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Lower duties aligning India with the world
TNC Rajagopalan in New Delhi |
January 27, 2004 13:16 IST
The finance minister has taken a significant step towards the integration of the economy with that of other countries by reducing the aggregate Customs duty on most items from 50.8 per cent to 39.2 per cent.
The bold step comes at a time when the international prices of metals are at a peak. The domestic producers now have access to cheaper inputs but they have to fiercely compete with cheaper imports.
The trade was ready to face a 5 per cent cut in basic Customs duties that would have translated to a reduction in aggregate duties of about 6.032 per cent.
The actual reduction is 11.6 per cent because special additional duty has also been abolished.
With expectations that the dollar will continue to depreciate, there are worried businesses that count on the Reserve Bank of India to play a key role in moderating the appreciation of the rupee against the dollar.
The government now has to revise the All-Industry Rates (AIR)of duty drawback and DEPB (Duty Entitlement Passbook) rates downwards by about 20 per cent.
This will adversely impact many exporters who rely mainly on indigenous inputs for export production and treat DEPB or drawback AIR as given subsidies. Their best hope is that indigenous inputs will become cheaper due to pressure from imports.
Exporters using advance licenses or Export Promotion Capital Goods (EPCG) licenses will save on transaction costs as they will have to furnish bond or bank guarantee to customs for a lesser value, as the duty saved will be lesser.
The export obligation under the EPCG scheme will also be lower on the basis of lesser duty saved. The duty reductions will make Export Oriented Units (EOU) and Special Economic Zones (SEZ) less attractive in terms of duty saved.
The attempt to impart dynamism to the entire economy is a better strategy than focus on exclusive zones.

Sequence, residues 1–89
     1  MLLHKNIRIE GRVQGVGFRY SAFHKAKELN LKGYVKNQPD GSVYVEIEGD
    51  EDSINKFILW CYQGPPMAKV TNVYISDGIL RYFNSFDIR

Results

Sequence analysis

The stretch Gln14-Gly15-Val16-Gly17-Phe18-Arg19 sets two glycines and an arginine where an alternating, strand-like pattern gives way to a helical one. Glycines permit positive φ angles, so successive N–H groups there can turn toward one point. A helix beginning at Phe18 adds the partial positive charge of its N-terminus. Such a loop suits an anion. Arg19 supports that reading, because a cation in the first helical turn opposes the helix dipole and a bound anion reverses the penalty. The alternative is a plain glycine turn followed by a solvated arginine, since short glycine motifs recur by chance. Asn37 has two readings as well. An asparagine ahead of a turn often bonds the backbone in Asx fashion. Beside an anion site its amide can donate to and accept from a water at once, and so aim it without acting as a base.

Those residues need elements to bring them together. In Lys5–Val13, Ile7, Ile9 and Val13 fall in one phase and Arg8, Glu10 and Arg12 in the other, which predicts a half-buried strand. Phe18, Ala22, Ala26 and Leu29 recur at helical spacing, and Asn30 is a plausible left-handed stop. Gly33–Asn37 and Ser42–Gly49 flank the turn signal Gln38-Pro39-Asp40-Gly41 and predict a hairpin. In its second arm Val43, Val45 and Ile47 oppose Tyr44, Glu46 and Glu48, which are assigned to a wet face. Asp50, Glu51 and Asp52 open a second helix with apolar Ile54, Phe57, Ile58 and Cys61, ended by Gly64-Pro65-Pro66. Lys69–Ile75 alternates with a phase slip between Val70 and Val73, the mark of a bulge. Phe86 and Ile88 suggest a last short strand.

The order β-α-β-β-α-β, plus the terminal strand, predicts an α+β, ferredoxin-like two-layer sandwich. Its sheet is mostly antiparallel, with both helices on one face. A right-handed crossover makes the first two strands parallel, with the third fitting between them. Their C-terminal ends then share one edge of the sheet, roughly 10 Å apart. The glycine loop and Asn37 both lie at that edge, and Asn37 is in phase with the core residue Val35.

The reduction of duty on project imports to 10 per cent for those who invest more than Rs 5 crore (Rs 50 million) on plant and machinery will significantly lower project costs.
The procedure for availing of project import benefits, such as registration of contracts, are quite outdated and complex and need to be simplified.
Also, there is a strong enough case to allow project import benefits for service providers. The local capital goods producers also need a boost.
It might be a good idea to treat supplies by local producers to projects that qualify for 10 per cent or lesser duty as deemed exports, so that the local capital goods manufacturers also can compete on even footing with foreign manufacturers.
The abolition of duty on six consumer durables, like washing machines, refrigerators etc, under Transfer of Residence rules is a sensible step, just as the reduction of duty to 15 per cent on 17 other items under Baggage Rules is.
Travelers can now bring in laptop computers duty free under Baggage Rules. It will be quite a sensible idea to allow the import of laptops at zero duty under the normal route and even allow second hand laptops. This will help more people become computer literate and enhance all round productivity.
The other trade facilitation measures, such as self-assessment and round-the-clock electronic filing of bill of entry at 23 customs stations are welcome steps but exporters and importers will look forward to filing bills of entry or shipping bills on-line from their own offices the way they file their import license applications.